Game 4 – Another day game in Oakland, Game 4 was a rematch of Game 1, with Jim Palmer going up against Vida Blue. This time Vida got through the first as did Palmer. But Jim had a tough time the next inning: After a lead-off double by Gene Tenace and a single by Vic Davalillo – that little guy was hot – two successive doubles by Ray Fosse and Dick Green brought three runs across and after a walk to Bert Campaneris, Palmer was pulled. Again, he was followed by Bob Reynolds who this time had much better success as he shut down the A’s through the sixth. He gave up a liner to left by Reggie – so that may be this photo – but Jackson was nailed by Andy Etchebarren trying to steal which was the only Oakland runner until Gene Tenace walked and Davalillo singled, sending Tenace to third. Fosse then sacrificed Tenace home and Oakland was looking like a lock, up 4-0. In the meantime Vida was doing a nice job imitating Catfish Hunter from a couple days before, giving up just two hits and two walks though six. The top of the seventh got messy, though: a walk by Earl Williams was followed by singles by Don Baylor and Brooks Robinson, scoring Williams. Etchebarren then had the big hit, a three-run homer that drove Vida from the game. In came Fingers, who got out of the inning unscathed. In a tied-up game Oakland threatened again in the eighth when a Campy single chased Reynolds and Eddie Watt came in, giving up a sacrifice bunt and plunking Sal Bando. He was out and Grant Jackson then killed the rally with two ground-outs. Bobby Grich pulled a Campy in the top of the eighth, lofting a solo shot off Fingers, who then got out of the inning on an unusual double play: he struck out Earl Williams and on the same pitch Fosse gunned down Tommy Davis trying to steal second. The A’s got a runner via a walk in the bottom of that inning and Brooks Robinson doubled in the top of the ninth but both guys got stranded and the game ended 5-4 Baltimore. Fingers took the loss and the O’s relievers did a super job, combining for a run on three hits and three walks through nearly eight innings, with Grant Jackson getting the win. Right now the Reggie single in the third has the edge for the photo.

Game 5 – With the series tied, Baltimore sent Doyle Alexander up against Catfish Hunter. Alexander had a good regular season against Oakland and lefty Dave McNally wasn’t really a consideration because he needed more rest. Ditto Mike Cuellar. So Catfish and Doyle traded shutout innings until the third when things got wiggy. Ray Fosse got on via an error by – gasp! – Brooks Robinson and then got sacrificed to second by a Dick Green bunt. Joe Rudi then knocked in Fosse on a single to left but then got nailed at second to end the inning. In the fourth a Gene Tenace single, Vic Davalillo – wow! – triple, and Jesus Alou single brought in two more runs and chased Alexander. He was relieved by a surprise choice – Jim Palmer. The two Cy winners then traded shutout ball the rest of the game. Catfish of course supplied the drama – every inning he gave up a shot to the outfield - but he was his normal post-season clutch self and in the end he won his second game of the series with a five hit, two walk shutout. Palmer gave up only two hits in his four-plus but that first unearned run held up - Baltimore deserved better than that – as Oakland won its second straight AL playoffs. And Reggie lined another shot to left with Etchebarren behind the plate so who knows. The photo could be from Game 4 or Game 5. Here’s what I’m going to do, though. Given that orange-painted dugout behind Reggie, I’m going to go out on a limb and say I’ve been all wet: the game was in Baltimore and the photo is from Reggie’s single to center in Game 1.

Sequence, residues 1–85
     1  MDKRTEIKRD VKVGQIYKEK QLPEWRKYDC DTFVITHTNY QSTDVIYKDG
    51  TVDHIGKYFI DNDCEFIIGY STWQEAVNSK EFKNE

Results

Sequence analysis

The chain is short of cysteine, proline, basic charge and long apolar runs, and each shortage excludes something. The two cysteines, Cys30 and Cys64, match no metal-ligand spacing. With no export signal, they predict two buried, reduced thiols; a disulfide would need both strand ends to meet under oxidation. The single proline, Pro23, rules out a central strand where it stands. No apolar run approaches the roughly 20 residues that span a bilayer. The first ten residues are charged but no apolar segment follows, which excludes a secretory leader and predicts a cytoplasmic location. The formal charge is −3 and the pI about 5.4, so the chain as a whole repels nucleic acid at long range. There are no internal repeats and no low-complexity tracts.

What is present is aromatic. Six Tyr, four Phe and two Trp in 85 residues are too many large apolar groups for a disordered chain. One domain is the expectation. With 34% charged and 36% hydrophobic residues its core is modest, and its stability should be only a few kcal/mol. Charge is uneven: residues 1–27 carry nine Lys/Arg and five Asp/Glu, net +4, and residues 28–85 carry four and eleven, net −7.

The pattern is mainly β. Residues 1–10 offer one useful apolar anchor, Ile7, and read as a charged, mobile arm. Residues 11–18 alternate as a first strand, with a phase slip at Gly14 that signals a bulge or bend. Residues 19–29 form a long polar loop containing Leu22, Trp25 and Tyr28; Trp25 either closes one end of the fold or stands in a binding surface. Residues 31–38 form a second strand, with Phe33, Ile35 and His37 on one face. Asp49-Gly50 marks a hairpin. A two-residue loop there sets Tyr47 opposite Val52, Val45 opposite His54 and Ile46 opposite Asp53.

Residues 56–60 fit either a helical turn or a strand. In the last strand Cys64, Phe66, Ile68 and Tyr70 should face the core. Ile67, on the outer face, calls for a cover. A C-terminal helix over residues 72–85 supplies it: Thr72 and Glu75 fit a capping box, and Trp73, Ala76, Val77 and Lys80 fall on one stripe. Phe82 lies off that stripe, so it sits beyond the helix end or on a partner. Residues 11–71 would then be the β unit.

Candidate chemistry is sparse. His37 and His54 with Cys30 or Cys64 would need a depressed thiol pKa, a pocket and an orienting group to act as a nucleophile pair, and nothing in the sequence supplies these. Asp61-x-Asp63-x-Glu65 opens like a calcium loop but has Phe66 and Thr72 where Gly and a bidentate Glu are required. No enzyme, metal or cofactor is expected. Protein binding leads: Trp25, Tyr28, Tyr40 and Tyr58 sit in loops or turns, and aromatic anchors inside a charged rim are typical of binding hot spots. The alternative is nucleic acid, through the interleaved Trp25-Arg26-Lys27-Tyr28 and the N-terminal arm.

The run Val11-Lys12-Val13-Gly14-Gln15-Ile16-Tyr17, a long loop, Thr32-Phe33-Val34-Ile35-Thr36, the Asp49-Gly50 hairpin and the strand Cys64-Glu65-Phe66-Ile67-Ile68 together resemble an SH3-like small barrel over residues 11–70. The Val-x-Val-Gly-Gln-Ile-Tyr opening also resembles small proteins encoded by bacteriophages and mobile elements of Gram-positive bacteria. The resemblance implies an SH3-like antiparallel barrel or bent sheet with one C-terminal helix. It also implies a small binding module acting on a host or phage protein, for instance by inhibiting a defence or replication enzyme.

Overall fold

The card back has all the Oakland stats from the series and when you look at them you see four guys in my opinion more deserving of face time on the card than Reggie: Bert Campaneris and Vic Davalillo on the hitting side and Catfish and Ken Holtzman as pitchers. The O’s were tough though and deserve their own stats so here they are:

Batting
G
AB
R
H
2B
3B
HR
RBI
 AVG


Baker
2
0
0
0
0
0
0
0
        -  


Baylor
4
11
3
3
0
0
0
1
  0.273


Belanger
5
16
0
2
0
0
0
1
   0.125


Blair
5
18
2
3
0
0
0
0
   0.167


Brown
1
0
0
0
0
0
0
0
        -  


Bumbry
2
7
1
0
0
0
0
0
        -  


Coggins
2
9
1
4
1
0
0
0
  0.444


Crowley
2
2
0
0
0
0
0
0
        -  


Davis
5
21
1
6
1
0
0
2
  0.286


Etchebarren
4
14
1
5
1
0
1
4
  0.357


Grich
5
20
1
2
0
0
1
1
   0.100


Hood
1
0
0
0
0
0
0
0
        -  


Powell
1
4
1
0
0
0
0
0
        -  


Rettenmund
3
11
1
1
0
0
0
0
   0.091


Robinson
5
20
1
5
2
0
0
2
  0.250


Williams
5
18
2
5
2
0
1
4
  0.278



5
171
15
36
7
0
3
15
   0.211














Pitching
G
ST
CG
W
L
IP
R
ER
 BB
SO
 ERA
Alexander
1
1
0
0
1
   3.2
3
2
        -  
1
   4.91
Cuellar
1
1
1
0
1
  10.0
2
2
         3
11
   1.80
Jackson
2
0
0
1
0
   3.0
0
0
          1
0
      -  
McNally
1
1
0
0
1
   7.2
5
5
         2
7
  5.87
Palmer
3
2
1
1
0
  14.2
3
3
         8
15
   1.84
Reynolds
2
0
0
0
0
   5.2
2
2
         3
5
   3.18
Watt
1
0
0
0
0
    0.1
0
0
        -  
0
      -  

5
5
2
2
3
 43.0
15
14
        17
39
  2.93

Pretty tight series.